These awards also assist in fulfilling Governor Brown’s executive order directing state government to support the rapid commercialization of zero-emission vehicles (ZEVs) in California, with a 2025 target of having 1.5 million ZEVs on the state’s roads. The order also requires the installation of sufficient infrastructure to support 1 million ZEVs in California by 2020. (Earlier post.)
California Energy Commission to award up to $2.45M for renewable natural gas for transportation fuels
January 05, 2013
The California Energy Commission’s Public Interest Energy Research (PIER) has released a Program Opportunity Notice (PON-12-506) for the award of up to $2.45 million to accelerate research, development and demonstration (RD&D) of advanced technologies to produce renewable natural gas (RNG) transportation fuels.
Examples of acceptable feedstocks include but are not limited to: waste-based biomass (both pre- and post-landfilled); agricultural residues; purpose-grown fuel crops; woody biomass and forest residues; animal manures; food waste; municipal solid waste (MSW); and sewage. Pathways by which renewable natural gas is to be derived for proposed projects can include fermentation; thermochemical processes, or any other means of producing RNG.
Univ. of Washington and partners working to engineer microbes for conversion of methane to lipids for processing into liquid intermediates for diesel or jet fuels
January 03, 2013
In a $4.8-million project funded by ARPA-E (earlier post), the University of Washington, the US Department of Energy’s (DOE) National Renewable Energy Laboratory (NREL), Johnson-Matthey, and Lanza Tech are working to develop optimized microbes to convert methane found in natural gas into lipids for further processing into an intermediate liquid for diesel or jet fuel.
The University of Washington is taking the lead and focusing on genetically modifying the microbes. NREL will be in charge of fermentation to demonstrate the productivity of the microbes, both the natural organism and the genetically-altered varieties. NREL will also extract the lipids from the organisms and analyze the economic potential of the plan.
UK to provide more than £11M to £23M alternative & dual-fuel heavy-duty vehicle demonstration program; more than 300 vehicles
August 23, 2012
The UK government will provide more than £11 million (US$17.5 million) in support to a £23 million (US$36.6 million) demonstration program to encourage road haulage operators in the UK to buy and use lower carbon commercial vehicles.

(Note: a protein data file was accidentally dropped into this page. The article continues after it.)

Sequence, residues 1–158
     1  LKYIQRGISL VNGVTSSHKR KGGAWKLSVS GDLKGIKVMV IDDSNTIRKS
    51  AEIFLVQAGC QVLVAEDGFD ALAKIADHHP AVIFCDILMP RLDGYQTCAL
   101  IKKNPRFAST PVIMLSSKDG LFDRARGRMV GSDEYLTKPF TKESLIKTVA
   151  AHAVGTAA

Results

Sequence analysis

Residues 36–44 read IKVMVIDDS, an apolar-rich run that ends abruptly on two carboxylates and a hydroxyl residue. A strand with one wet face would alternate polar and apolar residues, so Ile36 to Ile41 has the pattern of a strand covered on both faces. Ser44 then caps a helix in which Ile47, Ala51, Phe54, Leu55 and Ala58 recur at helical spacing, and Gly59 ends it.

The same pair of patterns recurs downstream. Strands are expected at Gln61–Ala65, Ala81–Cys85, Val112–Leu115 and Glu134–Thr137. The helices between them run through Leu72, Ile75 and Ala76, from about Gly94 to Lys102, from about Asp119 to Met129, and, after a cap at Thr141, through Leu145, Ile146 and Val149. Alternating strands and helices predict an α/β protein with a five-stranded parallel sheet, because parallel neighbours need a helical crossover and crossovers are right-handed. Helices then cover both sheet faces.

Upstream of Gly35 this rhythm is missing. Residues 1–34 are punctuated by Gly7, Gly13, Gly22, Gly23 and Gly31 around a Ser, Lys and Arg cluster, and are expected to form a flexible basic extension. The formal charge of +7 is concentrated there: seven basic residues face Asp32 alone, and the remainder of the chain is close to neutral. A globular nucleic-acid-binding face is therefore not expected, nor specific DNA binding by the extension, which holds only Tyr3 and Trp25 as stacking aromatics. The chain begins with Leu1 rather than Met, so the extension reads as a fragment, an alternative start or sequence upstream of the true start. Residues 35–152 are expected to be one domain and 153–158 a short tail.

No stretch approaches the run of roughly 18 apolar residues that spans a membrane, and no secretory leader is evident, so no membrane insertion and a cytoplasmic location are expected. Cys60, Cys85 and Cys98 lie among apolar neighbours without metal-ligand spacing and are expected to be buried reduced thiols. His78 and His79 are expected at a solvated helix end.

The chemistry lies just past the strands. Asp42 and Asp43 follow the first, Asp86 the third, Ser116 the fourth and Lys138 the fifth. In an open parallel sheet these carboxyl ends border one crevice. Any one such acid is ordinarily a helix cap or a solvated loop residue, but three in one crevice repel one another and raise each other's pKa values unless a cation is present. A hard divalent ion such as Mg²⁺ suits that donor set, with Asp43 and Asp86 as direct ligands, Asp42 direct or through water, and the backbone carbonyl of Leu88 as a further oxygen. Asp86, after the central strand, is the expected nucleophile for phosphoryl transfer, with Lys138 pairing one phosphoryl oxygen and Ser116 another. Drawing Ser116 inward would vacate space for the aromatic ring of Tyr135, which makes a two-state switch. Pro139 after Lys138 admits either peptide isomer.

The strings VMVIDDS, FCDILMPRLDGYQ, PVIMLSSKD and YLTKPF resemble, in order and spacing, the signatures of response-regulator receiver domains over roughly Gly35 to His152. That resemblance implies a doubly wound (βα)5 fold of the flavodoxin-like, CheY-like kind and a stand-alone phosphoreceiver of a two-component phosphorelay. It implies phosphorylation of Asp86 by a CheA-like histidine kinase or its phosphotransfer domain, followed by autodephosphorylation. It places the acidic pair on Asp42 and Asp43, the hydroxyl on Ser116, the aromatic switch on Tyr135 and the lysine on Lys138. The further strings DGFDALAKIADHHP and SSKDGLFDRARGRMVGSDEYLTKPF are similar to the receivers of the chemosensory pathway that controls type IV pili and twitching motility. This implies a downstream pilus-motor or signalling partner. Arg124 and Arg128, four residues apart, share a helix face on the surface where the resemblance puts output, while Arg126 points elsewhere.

The Government funding will help operators establish and run fleets of alternative & dual-fuel heavy-goods vehicles by meeting part of the difference in capital cost between traditional vehicles and their lower carbon equivalents. More than 300 low-carbon commercial vehicles will be involved in the demonstration program. The funding will also help meet the cost of the refueling points for use by the trial fleets, including the provision of 11 new public access refueling stations around the country, which will be available for use by other operators.
California ARB posts LCFS pathway for biomethane from dry fermentation; -15.29 g CO2e/MJ, compared to +95.86 and +94.71 for gasoline and diesel
July 05, 2012
The California Air Resources Board (ARB) has posted a new Low Carbon Fuel Standard (LCFS) internal pathway for biomethane produced from the high solids anaerobic digestion (HSAD) (dry fermentation) of organic (food and green) wastes—with accommodations for small proportions of food-contaminated, non-recyclable (soiled) paper, and fats, oils, and greases (FOG) in the feedstock. The HSAD fuel carbon intensity is -15.29 g CO2e/MJ, compared to gasoline and diesel carbon intensities of 95.86 and 94.71g CO2e/MJ respectively.
The pathway, developed in partnership with CalRecycle, is based on a multi-stage, mesophilic process to produce biomethane for use as a vehicle fuel. The feedstock for this pathway is 40% food waste and 60% green waste. The carbon intensity analysis takes into account well-to-wheel emissions including avoided landfill and composting emissions and compost co-product credits for the displacement of synthetically produced fertilizer.